1 topic, 2 key figures, 3 startups to draw inspiration from
- It is weather-dependent – solar panels are dependent on sunlight to effectively collect solar energy. As a result, cloudy and rainy days have a noticeable effect on the energy system.
- Solar storage can be expensive – beyond the initial cost of purchasing solar PV systems, which is fairly high, solar energy also requires large storage systems.
- It uses a lot of space – solar PV is a much more land-intensive technology than coal, natural gas or nuclear power. It uses 44 acres per megawatt compared to 12 for the other three sources. However, it is less than wind and hydro, which use 71 and 315 acres respectively.
- The toxic chemicals used – the PV production process requires the use of cadmium and arsenic. While the EU has implemented strict regulations in place for PV recycling, a large number of countries dump their solar panels in landfills, risking toxic chemicals leaking into the soil.
- Creating more efficient materials – startups are integrating new materials into solar panels to maximize the solar PV yield. One example is Australian startup Sapphire, which uses nanostructured ‘black silicon’ to prevent light reflection and allow the cells to absorb more light.
- Developing ways to store more energy – Finnish cleantech startup Teraloop developed an alternative model to electrochemical batteries for storing renewable energy: a flywheel. It is designed to store rotational energy efficiently and meet the requirements of industrial players who need a large amount of energy.
- Producing smarter solar trackers – solar panels are often assembled into arrays on a type of mounting system – rooftop-mounted, ground-mounted, wall-mounted or floating. While mounts can be fixed, they can also be dynamic and use solar trackers to make sure panels always face the sun. These tracking systems are increasingly common in utility-scale projects. In the tracker space, US startup Array Technologies has developed DuraTrack Hz, an industry-leading single-axis tracker. Early October, the startup raised over $1 billion in a public offering.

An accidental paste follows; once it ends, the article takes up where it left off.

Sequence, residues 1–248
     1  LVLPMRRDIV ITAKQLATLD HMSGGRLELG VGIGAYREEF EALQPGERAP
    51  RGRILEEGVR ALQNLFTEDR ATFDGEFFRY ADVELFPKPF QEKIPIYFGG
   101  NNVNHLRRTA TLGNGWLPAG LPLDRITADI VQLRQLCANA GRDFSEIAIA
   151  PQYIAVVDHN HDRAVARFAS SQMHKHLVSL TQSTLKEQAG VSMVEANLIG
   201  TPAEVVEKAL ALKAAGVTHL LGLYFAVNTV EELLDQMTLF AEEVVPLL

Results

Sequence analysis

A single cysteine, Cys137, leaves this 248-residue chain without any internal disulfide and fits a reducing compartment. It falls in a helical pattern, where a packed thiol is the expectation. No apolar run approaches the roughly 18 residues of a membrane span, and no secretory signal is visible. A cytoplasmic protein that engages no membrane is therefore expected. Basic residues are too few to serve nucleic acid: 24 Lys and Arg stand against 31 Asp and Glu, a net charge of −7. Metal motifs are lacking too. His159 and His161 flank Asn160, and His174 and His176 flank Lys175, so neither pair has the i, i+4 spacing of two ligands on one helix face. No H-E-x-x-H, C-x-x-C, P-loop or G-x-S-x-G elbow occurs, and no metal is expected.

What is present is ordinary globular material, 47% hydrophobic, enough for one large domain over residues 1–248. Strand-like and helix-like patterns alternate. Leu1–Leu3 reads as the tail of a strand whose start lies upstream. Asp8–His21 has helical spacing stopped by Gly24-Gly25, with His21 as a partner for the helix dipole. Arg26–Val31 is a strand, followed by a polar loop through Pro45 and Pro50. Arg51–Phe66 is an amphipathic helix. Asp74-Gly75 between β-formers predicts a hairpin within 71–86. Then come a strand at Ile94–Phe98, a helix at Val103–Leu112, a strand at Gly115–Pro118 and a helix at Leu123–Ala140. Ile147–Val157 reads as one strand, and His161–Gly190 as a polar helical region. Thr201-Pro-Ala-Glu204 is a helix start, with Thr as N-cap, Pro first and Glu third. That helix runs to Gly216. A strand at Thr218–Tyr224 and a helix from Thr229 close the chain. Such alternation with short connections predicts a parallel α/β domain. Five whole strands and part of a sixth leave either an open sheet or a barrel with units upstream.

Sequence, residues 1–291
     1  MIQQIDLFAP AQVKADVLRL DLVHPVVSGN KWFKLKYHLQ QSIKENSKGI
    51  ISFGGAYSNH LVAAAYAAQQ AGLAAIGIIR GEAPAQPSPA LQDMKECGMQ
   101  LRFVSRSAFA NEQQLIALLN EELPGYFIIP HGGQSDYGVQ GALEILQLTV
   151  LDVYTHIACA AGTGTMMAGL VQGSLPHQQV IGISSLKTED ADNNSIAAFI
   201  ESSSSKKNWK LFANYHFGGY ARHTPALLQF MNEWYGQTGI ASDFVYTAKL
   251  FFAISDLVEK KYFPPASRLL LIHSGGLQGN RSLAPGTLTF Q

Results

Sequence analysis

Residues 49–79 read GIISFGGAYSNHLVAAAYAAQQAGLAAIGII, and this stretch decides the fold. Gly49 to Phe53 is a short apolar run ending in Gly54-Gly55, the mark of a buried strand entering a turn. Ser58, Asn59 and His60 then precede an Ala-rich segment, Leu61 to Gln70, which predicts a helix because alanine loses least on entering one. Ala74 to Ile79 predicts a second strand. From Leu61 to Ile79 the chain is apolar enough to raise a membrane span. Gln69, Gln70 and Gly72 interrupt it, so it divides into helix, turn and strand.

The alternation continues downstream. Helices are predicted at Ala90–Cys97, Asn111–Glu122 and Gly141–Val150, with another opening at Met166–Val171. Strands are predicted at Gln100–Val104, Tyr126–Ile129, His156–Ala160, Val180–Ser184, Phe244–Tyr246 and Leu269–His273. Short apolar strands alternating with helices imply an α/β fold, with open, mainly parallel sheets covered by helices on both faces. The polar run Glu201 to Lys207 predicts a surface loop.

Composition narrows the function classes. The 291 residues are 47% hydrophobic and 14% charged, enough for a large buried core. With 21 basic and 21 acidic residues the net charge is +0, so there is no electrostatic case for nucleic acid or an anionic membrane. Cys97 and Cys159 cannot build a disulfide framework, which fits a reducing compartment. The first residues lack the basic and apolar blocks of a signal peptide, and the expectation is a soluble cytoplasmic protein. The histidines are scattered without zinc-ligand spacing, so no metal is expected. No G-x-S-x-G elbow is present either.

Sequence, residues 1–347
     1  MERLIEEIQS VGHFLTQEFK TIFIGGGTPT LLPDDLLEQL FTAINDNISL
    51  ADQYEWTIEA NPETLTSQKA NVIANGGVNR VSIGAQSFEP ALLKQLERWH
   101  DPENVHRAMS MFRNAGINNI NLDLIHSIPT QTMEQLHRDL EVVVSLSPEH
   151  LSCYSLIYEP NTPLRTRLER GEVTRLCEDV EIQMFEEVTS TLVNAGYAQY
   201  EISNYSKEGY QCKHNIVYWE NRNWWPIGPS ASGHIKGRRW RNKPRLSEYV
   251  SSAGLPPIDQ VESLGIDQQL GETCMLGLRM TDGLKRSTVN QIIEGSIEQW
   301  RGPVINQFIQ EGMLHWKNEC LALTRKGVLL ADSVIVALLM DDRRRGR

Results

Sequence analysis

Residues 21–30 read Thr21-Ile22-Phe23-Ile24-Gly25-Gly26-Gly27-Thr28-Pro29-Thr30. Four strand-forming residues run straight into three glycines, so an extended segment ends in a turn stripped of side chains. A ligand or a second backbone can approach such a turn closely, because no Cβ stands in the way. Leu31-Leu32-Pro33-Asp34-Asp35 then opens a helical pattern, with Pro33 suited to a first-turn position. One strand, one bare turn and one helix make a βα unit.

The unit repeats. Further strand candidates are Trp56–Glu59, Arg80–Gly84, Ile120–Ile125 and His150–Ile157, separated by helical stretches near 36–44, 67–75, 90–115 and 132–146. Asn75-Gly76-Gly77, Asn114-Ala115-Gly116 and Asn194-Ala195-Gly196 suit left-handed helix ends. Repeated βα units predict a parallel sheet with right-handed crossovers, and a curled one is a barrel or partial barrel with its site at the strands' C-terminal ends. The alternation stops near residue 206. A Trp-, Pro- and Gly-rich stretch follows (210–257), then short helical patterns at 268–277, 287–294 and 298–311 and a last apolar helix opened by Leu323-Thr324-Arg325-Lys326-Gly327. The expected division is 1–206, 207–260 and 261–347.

- Manufacturing more reliable inverters – a large amount of the production loss on solar PV systems is often attributable to the poor performance of inverters, responsible for converting and feeding the power into the grid. This can be due to a faulty installation, overheating issues or an isolation fault. US startup Alencon Systems has developed a system based on a patented harmonic neutralization approach, an upgrade from the pulse-with modulation used by PV inverters today.
2 Key Figures
3 startups to draw inspiration from
This week, we identified three startups that we can draw inspiration from: Sapphire, SolarEdge technologies and Oxford PV.
Sapphire designs and manufactures solar energy systems to make them efficient by using nanostructured “black silicon” to prevent light reflection and allow the cells to absorb more light.
SolarEdge technologies sells power optimizers, solar inverters and monitoring systems for PV arrays. The products are designed for residential, commercial and utility-scale installations.